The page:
*Sara has chosen to go by a pseudonym to protect her privacy. This is a stock photo.
The first time that university swimmer Sara* heard about Lia Thomas, a transgender swimmer dominating the Ivy League conference, she was in the warm-up pool getting ready to race Thomas for the first time.
It was the Cornell-Princeton-Penn tri-meet, and Sara watched as Thomas obliterated all of the other female athletes in the 200y freestyle.
“My teammates and I were all mind blown that someone could go that fast in a dual meet,” Sara said in an interview with Independent Women’s Forum. “I’m thinking, ‘in an hour I have to race her in the 500[y].’ I was really nervous because the 500 isn’t an event you would get lapped in and I was like, ‘I will get lapped in the 500.’ It’s embarrassing.”
Sara clocked her best dual meet time, but felt that she was going slow compared to Thomas, who didn’t lap her but came very close. Thomas did lap Sara’s teammate in the meet.
“I remember thinking to just try to block her out and to focus on the people that I can race. I just knew that everybody in the swimming world was going to hear about this.”
While swimming on the women’s team this season, after three years competing as a male, Thomas, formerly known as Will, has set pool, program, and meet records, and has also broken several NCAA women’s records. In one event, Thomas was 38 seconds ahead of the next-closest female swimmer.
Thomas is making waves in and out of the pool, and has sparked a national conversation about the fairness of allowing male-bodied athletes to compete on and against women’s teams.
PUTTING WOMEN LAST
The National Collegiate Athletic Association (NCAA) has long supported the participation of transgender, male-bodied athletes, like Thomas, competing on women’s collegiate sports teams.
But now the NCAA says each sport’s governing body must establish its own testosterone rules for participation in women’s sports. The policy makes an athlete’s current hormone levels, rather than biological sex, the criteria for eligibility. In other words, women’s sports are now open to anyone who can suppress his testosterone to a certain level.
This puts female athletes, like Sara, at a competitive disadvantage and takes away opportunities for some women to compete in meets with limited spots.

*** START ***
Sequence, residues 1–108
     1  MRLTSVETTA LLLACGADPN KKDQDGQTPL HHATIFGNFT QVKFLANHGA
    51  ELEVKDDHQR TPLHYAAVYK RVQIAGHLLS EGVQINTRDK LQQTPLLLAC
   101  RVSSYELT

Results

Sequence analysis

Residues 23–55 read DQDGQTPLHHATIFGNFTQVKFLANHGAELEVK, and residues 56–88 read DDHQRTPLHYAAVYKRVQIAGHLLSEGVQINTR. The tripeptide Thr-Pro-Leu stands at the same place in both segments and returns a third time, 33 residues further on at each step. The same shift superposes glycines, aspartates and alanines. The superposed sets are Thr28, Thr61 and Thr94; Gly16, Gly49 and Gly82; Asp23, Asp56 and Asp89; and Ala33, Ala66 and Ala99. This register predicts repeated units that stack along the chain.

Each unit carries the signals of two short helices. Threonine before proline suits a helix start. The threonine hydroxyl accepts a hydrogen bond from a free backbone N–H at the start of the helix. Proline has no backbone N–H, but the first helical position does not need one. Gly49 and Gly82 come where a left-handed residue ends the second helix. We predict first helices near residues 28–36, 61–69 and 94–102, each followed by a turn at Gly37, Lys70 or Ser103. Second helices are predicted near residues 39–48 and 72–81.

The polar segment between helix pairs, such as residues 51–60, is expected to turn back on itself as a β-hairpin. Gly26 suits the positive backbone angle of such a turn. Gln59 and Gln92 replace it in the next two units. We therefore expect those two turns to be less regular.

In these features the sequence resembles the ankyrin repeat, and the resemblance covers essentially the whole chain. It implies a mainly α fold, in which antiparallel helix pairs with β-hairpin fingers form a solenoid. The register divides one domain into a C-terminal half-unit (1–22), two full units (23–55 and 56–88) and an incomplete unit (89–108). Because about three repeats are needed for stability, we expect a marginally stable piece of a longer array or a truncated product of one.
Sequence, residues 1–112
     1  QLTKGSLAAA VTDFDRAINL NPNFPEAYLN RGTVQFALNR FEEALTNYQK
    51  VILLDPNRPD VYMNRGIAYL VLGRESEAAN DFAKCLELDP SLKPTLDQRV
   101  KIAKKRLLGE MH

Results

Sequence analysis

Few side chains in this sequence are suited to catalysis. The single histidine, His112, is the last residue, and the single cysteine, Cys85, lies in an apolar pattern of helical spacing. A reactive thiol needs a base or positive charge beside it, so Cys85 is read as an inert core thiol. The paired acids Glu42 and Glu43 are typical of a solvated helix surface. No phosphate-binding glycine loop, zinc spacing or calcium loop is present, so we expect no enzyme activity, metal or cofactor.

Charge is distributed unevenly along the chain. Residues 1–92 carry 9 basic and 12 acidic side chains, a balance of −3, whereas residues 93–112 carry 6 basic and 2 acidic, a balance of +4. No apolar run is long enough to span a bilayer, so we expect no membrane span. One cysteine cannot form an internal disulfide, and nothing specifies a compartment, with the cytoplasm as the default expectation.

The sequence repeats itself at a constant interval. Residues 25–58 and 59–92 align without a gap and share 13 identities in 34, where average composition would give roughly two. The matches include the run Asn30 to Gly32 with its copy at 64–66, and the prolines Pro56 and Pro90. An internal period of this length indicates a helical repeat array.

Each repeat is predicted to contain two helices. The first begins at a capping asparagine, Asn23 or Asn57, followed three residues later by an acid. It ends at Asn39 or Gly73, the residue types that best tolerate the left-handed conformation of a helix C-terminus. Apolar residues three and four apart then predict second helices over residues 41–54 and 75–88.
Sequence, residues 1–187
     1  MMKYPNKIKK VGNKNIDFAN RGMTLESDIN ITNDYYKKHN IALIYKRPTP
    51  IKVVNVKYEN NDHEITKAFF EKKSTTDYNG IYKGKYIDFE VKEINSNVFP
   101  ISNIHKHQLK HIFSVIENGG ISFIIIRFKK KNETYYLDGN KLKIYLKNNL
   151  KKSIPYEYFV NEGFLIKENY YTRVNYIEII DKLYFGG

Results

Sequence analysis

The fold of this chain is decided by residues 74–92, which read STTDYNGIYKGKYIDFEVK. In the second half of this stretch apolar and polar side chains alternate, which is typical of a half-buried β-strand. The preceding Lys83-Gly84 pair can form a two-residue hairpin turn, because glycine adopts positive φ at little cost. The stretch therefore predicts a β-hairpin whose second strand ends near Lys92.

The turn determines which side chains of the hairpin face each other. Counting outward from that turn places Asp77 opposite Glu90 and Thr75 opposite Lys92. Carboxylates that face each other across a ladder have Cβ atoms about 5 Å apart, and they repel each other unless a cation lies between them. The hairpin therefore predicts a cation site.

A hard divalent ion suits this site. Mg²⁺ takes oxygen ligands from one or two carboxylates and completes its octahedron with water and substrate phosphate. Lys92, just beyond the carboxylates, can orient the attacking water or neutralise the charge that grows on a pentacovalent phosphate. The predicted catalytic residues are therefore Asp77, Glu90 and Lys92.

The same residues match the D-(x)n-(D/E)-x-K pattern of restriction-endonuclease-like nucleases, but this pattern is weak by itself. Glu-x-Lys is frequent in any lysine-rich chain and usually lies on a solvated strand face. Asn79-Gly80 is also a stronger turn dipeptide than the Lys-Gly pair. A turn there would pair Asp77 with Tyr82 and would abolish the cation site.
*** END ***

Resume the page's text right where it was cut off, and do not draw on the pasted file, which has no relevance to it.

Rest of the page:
STANDING UP FOR FAIRNESS
After that first meet, Sara raced Thomas again three weeks later, and this time she was lapped twice by Thomas in the 1650 yard freestyle.
For Sara, whose love for swimming began when she was six months old in Mommy and Me classes at her local pool, the situation is a tough one.
For fear of offending anyone, Sara chose to speak anonymously to IWF.
“When I think about myself and my goals for the season, my number one goal is to score points for my team at the Ivy League Championships in February,” she said. “When Lia is in the event, it’s pretty much given that she’s going to be in the top seed. Knowing that Lia is going to be the top seed makes it like only the top 15 score points because you know there’s no way to beat her.”
Sara puts in 20 hours per week training during the season, and knows firsthand the sacrifices that come along with being “good” at her sport. She’s been swimming competitively for 11 years.
“You have to sacrifice time with family, homework time, study time, for your spot,” she said. “There have been a lot of times where I missed out on family trips to the beach for a week because of practice. It is a very big commitment to get to the division one level. But I don’t regret it at all.”
Sara would like to see fairness and a level playing field in her sport but says she feels there’s no one perfect solution to this issue.
“I would never want Lia to lose the ability to swim and compete, but I don’t think she should compete against biological women. If she competes against the biological women, I don’t think her time should count as points or records at Penn, at pool, or at meets.”